Disability does not only depend on individuals’ health conditions but also the contextual factors in which individuals live. Therefore, disability measurement scales need to be developed or adapted to the context. Bangladesh lacks any locally developed or validated scales to measure disabilities in adults with mobility impairment. We developed a new Locomotor Disability Scale (LDS) in a previous qualitative study. The present study developed a shorter version of the scale and explored its factorial structure.
We administered the LDS to 316 adults with mobility impairments, selected from outpatient and community-based settings of a rehabilitation centre in Bangladesh. We did exploratory factor analysis (EFA) to determine a shorter version of the LDS and explore its factorial structure.
We retained 19 items from the original LDS following evaluation of response rate, floor/ceiling effects, inter-item correlations, and factor loadings in EFA. The Eigenvalues greater than one rule and the Scree test suggested a two-factor model of measuring locomotor disability (LD) in adults with mobility impairment. These two factors are ‘mobility activity limitations’ and ‘functional activity limitations’. We named the higher order factor as ‘locomotor disability’. This two-factor model explained over 68% of the total variance among the LD indicators. The reproduced correlation matrix indicated a good model fit with 14% non-redundant residuals with absolute values > 0.05. However, the Chi-square test indicated poor model fit (p < .001). The Bartlett’s test of Sphericity confirmed patterned relationships amongst the LD indicators (p < .001). The Kaiser-Meyer-Olkin Measure (KMO) of sampling adequacy was .94 and the individual diagonal elements in the anti-correlation matrix were > .91.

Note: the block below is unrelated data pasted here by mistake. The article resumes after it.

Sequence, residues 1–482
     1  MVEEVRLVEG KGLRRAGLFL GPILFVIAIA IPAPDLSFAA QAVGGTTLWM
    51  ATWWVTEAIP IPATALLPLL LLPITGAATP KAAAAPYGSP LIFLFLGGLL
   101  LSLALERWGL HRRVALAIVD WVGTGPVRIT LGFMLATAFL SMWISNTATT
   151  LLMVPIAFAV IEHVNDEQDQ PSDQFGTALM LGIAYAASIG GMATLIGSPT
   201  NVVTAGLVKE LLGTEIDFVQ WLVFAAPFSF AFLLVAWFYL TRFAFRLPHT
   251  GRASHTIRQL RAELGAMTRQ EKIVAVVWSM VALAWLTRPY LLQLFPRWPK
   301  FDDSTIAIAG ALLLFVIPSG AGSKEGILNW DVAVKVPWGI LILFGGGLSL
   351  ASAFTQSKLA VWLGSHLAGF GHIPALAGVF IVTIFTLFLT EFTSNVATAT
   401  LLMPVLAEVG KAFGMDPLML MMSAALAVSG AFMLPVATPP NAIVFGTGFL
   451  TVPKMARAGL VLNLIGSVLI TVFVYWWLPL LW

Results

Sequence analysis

Among the retained 19 items, there was no correlation coefficient > .9 or a large number of correlation coefficients < .3. The communalities were high: between .495 and .882 with a mean of 0.684. As an evidence of convergent validity, we had all loadings above .5, except one. As an evidence of discriminant validity, we had no strong (> .3) cross loadings and the correlation between the two factors was .657. The ‘mobility activity limitations’ and ‘functional activity limitations’ sub-scales demonstrated excellent internal consistency (Cronbach’s alpha were .954 and .937, respectively).
The 19-item LDS was found to be a reliable and valid scale to measure the latent constructs mobility activity limitations and functional activity limitations among adults with mobility impairments in outpatient and community-based settings in Bangladesh.